So I think I will stay in it for the long haul as long as the shortfall in the rent doesnt break me!

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  • I recently went to a talk given by an official of the Israeli Embassy in London. He made it very clear that if somebody else doesn’t deal with the Iranian nuclear programme, they will.

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  • Yes Popalot, and watch the reaction ( or complete lack of) of the ” international community” to that non-sanctioned action.

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  • s2r1 .
    It’s interesting to note comments made by LSR in 2004 .
    http://archive.thisisdorset.net/2004/4/16/68166.html
    “RISING house prices are expected to suffer a “correction” in 2005, predict analysts Lombard Street Research.Bank of England officials must raise interest rates next month if the impact of that price correction is to be minimised, says LSR.”Low rates continue to stimulate the domestic economy and could be storing up worse problems of adjustment in future.”The eventual correction – probably in 2005 – will be worse than it would have been had interest rate policy been more pre-emptive.”

    Yet now they predict 10-15% hpi and no mention of “correction” .

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  • It is funny how all the past predictors of corrections now suddenly think their fears are unfounded two years later. Could be because:

    1. They realise that the MPC has a hide agenda of protecting the housing market or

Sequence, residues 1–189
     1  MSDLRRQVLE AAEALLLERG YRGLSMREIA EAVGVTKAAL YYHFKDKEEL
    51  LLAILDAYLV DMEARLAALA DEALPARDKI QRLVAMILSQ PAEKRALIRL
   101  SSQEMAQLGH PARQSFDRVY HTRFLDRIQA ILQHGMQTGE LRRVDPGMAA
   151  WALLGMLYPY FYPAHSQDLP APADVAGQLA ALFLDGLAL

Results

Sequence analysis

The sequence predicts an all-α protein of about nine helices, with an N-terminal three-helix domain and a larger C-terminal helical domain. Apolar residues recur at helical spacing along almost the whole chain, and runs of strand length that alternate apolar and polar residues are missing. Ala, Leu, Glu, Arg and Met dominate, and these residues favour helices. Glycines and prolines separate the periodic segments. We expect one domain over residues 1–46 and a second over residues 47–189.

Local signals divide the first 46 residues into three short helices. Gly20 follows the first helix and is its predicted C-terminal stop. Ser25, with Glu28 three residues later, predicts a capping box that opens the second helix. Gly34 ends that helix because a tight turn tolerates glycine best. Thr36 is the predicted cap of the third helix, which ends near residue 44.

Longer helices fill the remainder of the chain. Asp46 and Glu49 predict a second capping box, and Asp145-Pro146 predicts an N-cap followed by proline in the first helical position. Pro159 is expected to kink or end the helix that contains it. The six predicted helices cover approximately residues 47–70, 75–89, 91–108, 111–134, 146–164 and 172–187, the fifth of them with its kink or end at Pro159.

2. They fear being ridiculed for getting it wrong once already.

    I have no idea. I think both have some degree of truth.

    As for rents going up, sorry Badgolfer – supply and demand have worked against you. There are thousands of other would-be landlords in the same situation as you, and many of them are losing money. But if they raise their asking rents, their properties stand empty.

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  • Badgolfer – it might be sensible to sell ’em. Sound like they are more trouble than they are worth – and potentially a liability.

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  • sold 2 rent 1 says:

    Deadspider,

    Fair point.

    I think LSR developed the “housing affordability index” model because they got it so wrong in 2004.
    This new model seems pretty accurate and IMHO is the key indicator to watch every quarter.

    If we have another IR rise in the spring and HPI increases at >10% for the next 4 months, LSR will forecast another crash for 2008 in their July quarterly report.

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  • Badgolfer; thanks for your input, it would be interesting of all of us came clean on this website so we could analyse the pro’s and con’s of each of our situations. Here in Australia the rental vacancy rate (the amount of rental properties currently available for rent) is now as low as 1.4% in some cities, only now have rents started to increase. I would serioulsy try and find out what the regional rental vacancy rate is in your area before signing up to your long term plan. I read recently that over 600,000 homes are currently empty in the UK, do you really think rents are going to go up when there are so many rental properties available????